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It’s no surprise that an efficient community heating scheme will provide greater benefits and a more reliable and consistent service to residents compared to an inefficient heating scheme. So what should housing managers consider to improve scheme efficiencies and provide a fair deal for the resident?


How a community heating system works

Community heating is a centralised heating system that supplies heat and hot water to one building block with more than one heat customer, according to the Heat Network Regulations.

In the UK most community heating schemes’ heat is generated in a plant room using gas boilers, CHP engines or biomass boilers. In some cases they may be connected to and buy heat from a district heating network.

Key areas of a community heating scheme

A community heating plan can be segmented into three areas referred to in the CIBSE Code of Practice for heat networks (CP1) as the primary, secondary and tertiary areas of a network. However, this can be simplified to:

  1. The plant room – where the heat is generated
  2. The distribution network – how the heat from the plant room is delivered to the customer (including communal areas)
  3. The apartment heating systems – the radiators, underfloor heating and domestic hot water supply

How to identify community heating system inefficiencies

Our first and foremost recommendation would be to:

  • Survey your scheme

A basic survey of a communal heating scheme (and observing metering data collected for the full building) will outline areas of improvement. A basic survey may consist of looking at each area of the network, taking into consideration the temperature changes of corridors, the level of insulation on bare pipework, to speaking with residents about their understanding of using the system. To get a greater understanding, the findings from the survey can be applied to the data captured by the BEMs and metering system utilised on the network; in turn exposing the locations of heat losses on the network. Our free non-technical checklist is a good start for Housing Managers to use and learn how to improve their system efficiencies.

What could be the problem for inefficient building networks?

There are many concerns that may need addressing to make an inefficient community heating system run at optimum performance; for example:

  • Lack of insulation on pipework, terminal runs and valves
  • Lack of optimisation of return temperatures (the system only using a small chunk of heat that is generated)
  • Design oversizing of equipment and pipework
  • Not enough measurements and controls in place (this could be metering or using the BEMs)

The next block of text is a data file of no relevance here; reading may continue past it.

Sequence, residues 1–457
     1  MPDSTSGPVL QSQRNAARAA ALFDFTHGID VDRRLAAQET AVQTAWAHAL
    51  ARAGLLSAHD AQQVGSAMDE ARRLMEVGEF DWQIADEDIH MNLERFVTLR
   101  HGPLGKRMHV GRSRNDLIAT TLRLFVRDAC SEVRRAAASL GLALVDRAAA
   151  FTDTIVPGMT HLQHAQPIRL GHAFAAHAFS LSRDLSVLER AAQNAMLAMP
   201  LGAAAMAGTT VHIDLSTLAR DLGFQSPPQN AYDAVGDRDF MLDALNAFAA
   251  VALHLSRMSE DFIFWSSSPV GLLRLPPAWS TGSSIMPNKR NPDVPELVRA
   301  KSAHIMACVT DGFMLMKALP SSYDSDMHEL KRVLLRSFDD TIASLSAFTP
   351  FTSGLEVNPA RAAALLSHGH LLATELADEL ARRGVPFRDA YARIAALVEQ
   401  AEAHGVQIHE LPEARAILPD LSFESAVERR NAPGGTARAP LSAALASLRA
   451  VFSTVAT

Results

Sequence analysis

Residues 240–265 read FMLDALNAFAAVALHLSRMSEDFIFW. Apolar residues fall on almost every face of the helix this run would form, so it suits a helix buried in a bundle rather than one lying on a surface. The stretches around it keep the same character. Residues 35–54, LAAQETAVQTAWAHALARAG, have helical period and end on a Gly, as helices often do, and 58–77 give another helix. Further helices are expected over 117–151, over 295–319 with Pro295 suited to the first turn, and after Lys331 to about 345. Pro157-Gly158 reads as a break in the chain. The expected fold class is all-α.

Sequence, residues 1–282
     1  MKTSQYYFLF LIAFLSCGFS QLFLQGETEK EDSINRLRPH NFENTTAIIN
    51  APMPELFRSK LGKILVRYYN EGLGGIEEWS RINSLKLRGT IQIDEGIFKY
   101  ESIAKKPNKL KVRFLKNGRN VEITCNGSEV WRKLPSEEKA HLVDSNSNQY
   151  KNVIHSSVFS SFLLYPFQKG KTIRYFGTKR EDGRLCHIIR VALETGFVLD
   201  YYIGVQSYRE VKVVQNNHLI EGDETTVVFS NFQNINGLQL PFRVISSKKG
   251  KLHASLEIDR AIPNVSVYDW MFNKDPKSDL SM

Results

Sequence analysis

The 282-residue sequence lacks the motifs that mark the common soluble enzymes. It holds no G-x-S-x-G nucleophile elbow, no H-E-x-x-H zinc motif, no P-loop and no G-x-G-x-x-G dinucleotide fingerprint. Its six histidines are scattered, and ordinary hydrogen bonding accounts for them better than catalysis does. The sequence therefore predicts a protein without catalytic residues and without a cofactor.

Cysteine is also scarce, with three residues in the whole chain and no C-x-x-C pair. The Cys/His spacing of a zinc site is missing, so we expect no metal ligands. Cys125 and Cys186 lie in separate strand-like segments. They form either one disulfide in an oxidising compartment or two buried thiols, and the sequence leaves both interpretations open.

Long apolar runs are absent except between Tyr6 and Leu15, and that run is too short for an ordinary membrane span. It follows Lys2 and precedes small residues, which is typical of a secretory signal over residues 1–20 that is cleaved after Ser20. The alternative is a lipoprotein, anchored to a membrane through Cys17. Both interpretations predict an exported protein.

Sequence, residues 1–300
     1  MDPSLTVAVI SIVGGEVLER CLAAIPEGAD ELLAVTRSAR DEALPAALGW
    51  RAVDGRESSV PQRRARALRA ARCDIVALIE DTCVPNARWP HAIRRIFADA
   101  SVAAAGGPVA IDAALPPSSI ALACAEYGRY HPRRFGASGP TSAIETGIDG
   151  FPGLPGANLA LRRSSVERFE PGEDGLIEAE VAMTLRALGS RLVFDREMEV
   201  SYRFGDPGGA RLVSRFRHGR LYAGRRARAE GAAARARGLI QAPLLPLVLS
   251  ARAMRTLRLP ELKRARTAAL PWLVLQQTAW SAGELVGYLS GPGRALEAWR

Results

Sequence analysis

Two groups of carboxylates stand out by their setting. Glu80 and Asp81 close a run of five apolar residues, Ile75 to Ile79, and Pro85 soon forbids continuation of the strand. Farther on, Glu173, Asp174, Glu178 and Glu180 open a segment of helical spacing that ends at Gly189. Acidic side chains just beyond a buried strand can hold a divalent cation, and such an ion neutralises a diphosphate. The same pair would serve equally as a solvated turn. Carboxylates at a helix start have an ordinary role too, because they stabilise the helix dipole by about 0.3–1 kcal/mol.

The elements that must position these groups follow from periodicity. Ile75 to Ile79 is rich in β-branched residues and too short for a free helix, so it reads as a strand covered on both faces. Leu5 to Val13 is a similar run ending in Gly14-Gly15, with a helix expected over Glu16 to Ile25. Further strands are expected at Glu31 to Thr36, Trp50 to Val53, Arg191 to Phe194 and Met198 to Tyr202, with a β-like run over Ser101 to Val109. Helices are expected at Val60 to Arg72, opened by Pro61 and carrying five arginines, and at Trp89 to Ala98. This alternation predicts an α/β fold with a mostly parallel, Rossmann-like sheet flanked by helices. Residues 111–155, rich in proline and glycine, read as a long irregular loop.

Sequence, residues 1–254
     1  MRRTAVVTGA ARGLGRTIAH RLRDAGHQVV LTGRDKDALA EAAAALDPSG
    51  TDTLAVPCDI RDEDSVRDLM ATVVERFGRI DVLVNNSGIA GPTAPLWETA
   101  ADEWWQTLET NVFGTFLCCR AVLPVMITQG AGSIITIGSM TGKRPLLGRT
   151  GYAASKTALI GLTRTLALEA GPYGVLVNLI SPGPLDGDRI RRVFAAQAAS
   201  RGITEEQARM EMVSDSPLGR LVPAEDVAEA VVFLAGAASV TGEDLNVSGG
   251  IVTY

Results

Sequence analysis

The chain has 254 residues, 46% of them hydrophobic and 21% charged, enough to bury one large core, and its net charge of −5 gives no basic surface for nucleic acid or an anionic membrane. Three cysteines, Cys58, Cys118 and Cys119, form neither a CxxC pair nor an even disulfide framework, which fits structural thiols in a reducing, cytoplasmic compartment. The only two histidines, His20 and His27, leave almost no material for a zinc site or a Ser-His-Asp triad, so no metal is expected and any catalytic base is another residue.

Bring in the experts

A simple checklist is a good starting point to refining your scheme’s performance. However, you can further identify areas for improvement by bringing in specialists in scheme management. An expert in the field will be able to help by evaluating your scheme’s inefficiencies and provide you with an action plan to optimise your heat network and consequently, give cost savings back to your residents.

Section 3.9 of the CIBSE guide

The CIBSE Code of Practice outlines how to achieve an efficient existing communal heating system within a multi-residential building and to reduce risk of overheating. We would highly recommend reading section 3.9 of the Code, as it explains the reasons why heat losses occur, best practice and preventative measures required to run efficient systems.

So, what can we do about existing schemes; can they be improved? In simple terms, yes! But this would be a blog post in its own entirety, which you should look out for in the near future.

And finally, every scheme is different and therefore approaches to improving schemes will vary. However by undertaking simple surveys, and measuring the energy consumed you will make good start to understanding the building block’s requirements and where opportunities for improvement may exist.

Key takeaways

  • Prove your losses by utilising surveys and metering data from your communal heating system. If you don’t have the capabilities to do this, bring in the experts to help
  • By making improvements to system efficiencies you can help make savings for the resident
  • Always measure performance to improve your systems
  • Read the CIBSE Code of Practice (CP1) for non-technical advice and minimum standards that you can apply to your communal heating schemes

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Steve Coates

Head of Energy Supply

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